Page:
Some of My Favorite Pandas Snippets

I have spent the last six months working on the migration of multiple (mostly) SQL-based data sources to a multitude of different AWS-based targets, ranging from conventional SQL backends to user stores like Cognito. Many (if not all) of these efforts involved joining and coalescing data from multiple sources (per single data set) to migrate to a single backend system. For the majority of the work, I used Jupyter notebooks – relying heavily on Pandas and Numpy – for source data analysis, transformation, and load into target systems (as well as the use of database-specific client connection libraries, including MySQL, MS SQL, and Redshift/Postgres).

After working through a few data sets, some commonalities began to emerge. Many of these commonalities occurred during early analysis and data cleanup phases of the migrations. While many of these scenarios are sort of covered in other online forums (90% Stack Overflow, 10% Medium), none of the solutions I encountered online were quite what I was looking for, so I thought I’d share my scenarios and solutions here. For all of these examples, we’ll keep things simple and pretend we have a Pandas DataFrame assigned to a variable called df.

Scenario #1: Get All Unique Values from a Single Column in a DataFrame

import pandas as pd
list_of_unique_vals = pd.unique(df[['column_to_extract_unique_vals_from']].values.ravel())

Scenario #2: Get All Rows from a Pandas DataFrame by Finding Duplicates Based on a Single Column in the Same DataFrame

So, this is a tricky one. Everywhere you look, you’ll see solutions that directly involve the use of the .duplicated() function, but that doesn’t tell the whole story. The duplicated() function only shows you rows once a duplicate has been detected. That is, if you have two rows that are duplicated on a single column’s value, duplicated() will only show you one of them. Maybe it’s just me, but I’d like to see both of them. Here’s how to show all of the rows!

import pandas as pd
df['is_colA_duped'] = df.duplicated(['colA'])
list_of_colA_dupe_vals = list(pd.unique(df.query("is_colA_duped == True")['colA'].values.ravel()))
# Maybe store duplicate rows into a separate DataFrame and look at a few of them
df_colA_dupes = df[df['colA'].isin(list_of_colA_dupe_vals)].sort_values(by=['colA'])

I am aware that this can be done more succinctly (i.e. without the use of the extra column or storing the list in a separate value, but it is convenient to be able to look at the list of values). Optimize to your heart’s content.

Scenario #3: Create a DataFrame Directly from a SQL Query (from a DB-API Compliant Library)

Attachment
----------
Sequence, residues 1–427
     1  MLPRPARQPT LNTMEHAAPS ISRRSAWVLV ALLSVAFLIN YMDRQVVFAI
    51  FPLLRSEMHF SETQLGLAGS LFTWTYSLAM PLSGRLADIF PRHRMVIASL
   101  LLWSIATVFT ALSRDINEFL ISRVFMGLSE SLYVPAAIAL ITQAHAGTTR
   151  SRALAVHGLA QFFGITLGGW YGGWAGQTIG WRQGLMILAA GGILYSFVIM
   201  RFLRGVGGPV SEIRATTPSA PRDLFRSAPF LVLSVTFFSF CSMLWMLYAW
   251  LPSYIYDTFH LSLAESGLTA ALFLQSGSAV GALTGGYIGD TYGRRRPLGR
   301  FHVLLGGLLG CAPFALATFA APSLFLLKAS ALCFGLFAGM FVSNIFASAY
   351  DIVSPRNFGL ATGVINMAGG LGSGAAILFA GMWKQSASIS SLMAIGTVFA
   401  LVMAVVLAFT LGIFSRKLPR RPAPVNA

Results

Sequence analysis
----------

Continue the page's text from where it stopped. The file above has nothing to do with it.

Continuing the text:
import pandas as pd
from pandas import DataFrame
import pymssql
import mysql.connector
mysql_conn = mysql.connector.connect(
mysql_cursor = mysql_conn.cursor()
mysql_cursor.execute("""SELECT * FROM some_table""")
df_from_mysql = DataFrame(mysql_cursor.fetchall())
df_from_mysql.columns = [x[0] for x in mysql_cursor.description]
mssql_conn = pymssql.connect(
mssql_cursor = mssql_conn.cursor()
mssql_conn.execute("""SELECT TOP 100 * FROM SomeTable""")   # I really like TOP, I wish I could use it in MySQL.  You can also use it in RedShift
df_from_mssql = DataFrame(mssql_cursor.fetchall())
df_from_mssql.columns = [x[0] for x in mssql_cursor.description]

As you’ll see, if the client library for whatever engine you’re using is DB-API compliant, the procedure is the same. For the sake of pointing it out, it’s worth creating a function to extract the column names from the cursor description (really, combining the actual load of data into the DF from the cursor and assinging columns from a single function makes the most sense). Maybe something like:

def create_df(cursor):
    df = DataFrame(cursor.fetchall())
    df.columns = [x[0] for x in cursor.description]

    return df

cursor.execute("""SELECT * FROM Tbl""")
my_new_df = create_df(cursor)

In hindsight, I don’t know why I didn’t do something like this before. In any case, you benefit from my hindsight!

Scenario #4: Loading a SQL Table from a DataFrame

So this one tripped me up. I expected I could use any client library, but that doesn’t work. You have to use SQLAlchemy-compliant connections to load from a DataFrame into a table. For a MySQL-based database, it’ll look something like this:

from sqlalchemy import create_engine

# If you have binary columns in your database with b''-type columns in your DataFrame, you'll need the "?charset=utf8mb4&binary_prefix=true" bit!
# Also, this is obviously based on Python 3.6+ since I'm using f-strings (and you should, too).
engine = create_engine(f'mysql+pymysql://{DBUSER}:{DBPASS}@{DBHOST}:3306/{DBSCHEMA}?charset=utf8mb4&binary_prefix=true")')

# You may or may not want to set index and if_exists as I have.  Look at the Pandas docs for more detail on the params.
df.to_sql('TableToLoadInto', con=engine, index=False, if_exists='append')

That’s it for now! I’ll make sure to add new snippets and solutions here as I come across them.

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